According to http://scottmcleod.net/bio/, Dr. Scott McLeod is one of the nations's leading academic directors concerning technology leadership issues. Dr. McLeod took a LOA from his position at the University of Kentucky to serve as the Director of Innovation for Prairie Lakes Education Agency. He is one of the founding members of the UCEA Center for the Advanced Study of Technology Leadership in Education (CASTLE). CASTLE is an organization that oversees the technology needs of school administrators. Dr. McLeod also helped create the video series Did you know? Shift happens! You can view one of the many videos here.
Dr. McLeod has also received numerous awards such as a Leader in Learning honor, Emerging Leader by Phi Delta Kappa, being recognized as one of the National School Board Associations, 20 to Watch, as well as, many others.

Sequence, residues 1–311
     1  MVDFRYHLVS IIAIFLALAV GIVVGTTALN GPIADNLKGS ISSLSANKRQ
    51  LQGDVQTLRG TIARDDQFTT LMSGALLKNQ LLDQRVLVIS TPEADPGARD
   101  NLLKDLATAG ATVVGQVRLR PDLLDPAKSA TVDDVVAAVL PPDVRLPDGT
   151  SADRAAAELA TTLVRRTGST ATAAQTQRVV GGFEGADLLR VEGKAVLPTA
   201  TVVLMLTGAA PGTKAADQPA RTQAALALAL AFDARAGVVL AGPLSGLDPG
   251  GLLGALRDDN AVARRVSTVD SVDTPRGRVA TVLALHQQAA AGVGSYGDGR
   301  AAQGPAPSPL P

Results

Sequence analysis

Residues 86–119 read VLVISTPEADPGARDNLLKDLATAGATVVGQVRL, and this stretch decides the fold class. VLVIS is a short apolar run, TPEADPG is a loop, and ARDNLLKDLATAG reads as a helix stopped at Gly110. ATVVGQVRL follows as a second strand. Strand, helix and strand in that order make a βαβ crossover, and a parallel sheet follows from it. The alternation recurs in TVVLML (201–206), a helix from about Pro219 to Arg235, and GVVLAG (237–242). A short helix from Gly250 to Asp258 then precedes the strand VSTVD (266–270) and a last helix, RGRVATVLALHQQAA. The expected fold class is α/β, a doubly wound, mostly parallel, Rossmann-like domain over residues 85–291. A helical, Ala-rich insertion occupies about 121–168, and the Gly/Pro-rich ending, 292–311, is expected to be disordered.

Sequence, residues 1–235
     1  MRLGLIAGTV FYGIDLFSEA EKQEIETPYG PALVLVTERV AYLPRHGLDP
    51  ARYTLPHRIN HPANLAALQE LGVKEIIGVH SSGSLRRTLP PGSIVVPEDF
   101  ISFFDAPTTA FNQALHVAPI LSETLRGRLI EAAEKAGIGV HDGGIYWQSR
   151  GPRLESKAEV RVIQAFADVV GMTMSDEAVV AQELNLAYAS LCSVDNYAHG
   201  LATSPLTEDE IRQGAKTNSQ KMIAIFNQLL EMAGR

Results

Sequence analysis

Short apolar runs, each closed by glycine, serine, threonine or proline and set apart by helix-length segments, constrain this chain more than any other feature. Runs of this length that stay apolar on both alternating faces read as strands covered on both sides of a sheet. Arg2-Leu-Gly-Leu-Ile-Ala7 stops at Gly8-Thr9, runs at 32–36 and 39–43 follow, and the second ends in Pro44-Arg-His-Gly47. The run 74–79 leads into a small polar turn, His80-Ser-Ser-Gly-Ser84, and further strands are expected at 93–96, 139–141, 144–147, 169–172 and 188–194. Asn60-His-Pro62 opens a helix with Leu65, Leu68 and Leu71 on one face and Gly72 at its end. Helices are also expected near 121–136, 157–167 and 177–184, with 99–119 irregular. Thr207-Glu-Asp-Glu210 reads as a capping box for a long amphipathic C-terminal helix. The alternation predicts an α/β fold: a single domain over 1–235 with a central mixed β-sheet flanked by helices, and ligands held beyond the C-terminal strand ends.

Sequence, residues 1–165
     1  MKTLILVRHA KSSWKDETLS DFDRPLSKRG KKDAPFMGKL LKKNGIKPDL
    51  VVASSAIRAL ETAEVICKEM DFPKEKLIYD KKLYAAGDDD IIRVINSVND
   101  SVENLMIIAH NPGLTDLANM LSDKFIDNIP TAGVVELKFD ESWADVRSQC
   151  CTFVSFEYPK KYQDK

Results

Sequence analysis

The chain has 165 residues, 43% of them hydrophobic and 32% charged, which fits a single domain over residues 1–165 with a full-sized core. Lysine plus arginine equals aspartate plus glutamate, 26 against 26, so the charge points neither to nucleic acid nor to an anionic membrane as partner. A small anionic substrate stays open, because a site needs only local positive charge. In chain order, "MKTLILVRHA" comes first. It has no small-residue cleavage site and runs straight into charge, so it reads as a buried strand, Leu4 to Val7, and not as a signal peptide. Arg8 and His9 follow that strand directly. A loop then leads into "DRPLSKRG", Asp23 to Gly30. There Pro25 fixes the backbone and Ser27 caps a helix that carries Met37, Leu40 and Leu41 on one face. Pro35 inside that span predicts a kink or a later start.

You can keep up with Dr. McLeod's great ideas through his blog Dangerously Irrelevant or by purchasing his book, What School Leaders Need to Know about Digital Technologies and Social Media.
Sunday, July 1, 2012
All I can do is say sorry for that brain lapse :))))
After reading all 3 of Mr. McClung's blog post entries, I decided to write my post # 9 concentrating on his first and last posts. There is a major shift of character in Mr. McClung's writing voice between his first year teaching and this past year of teaching.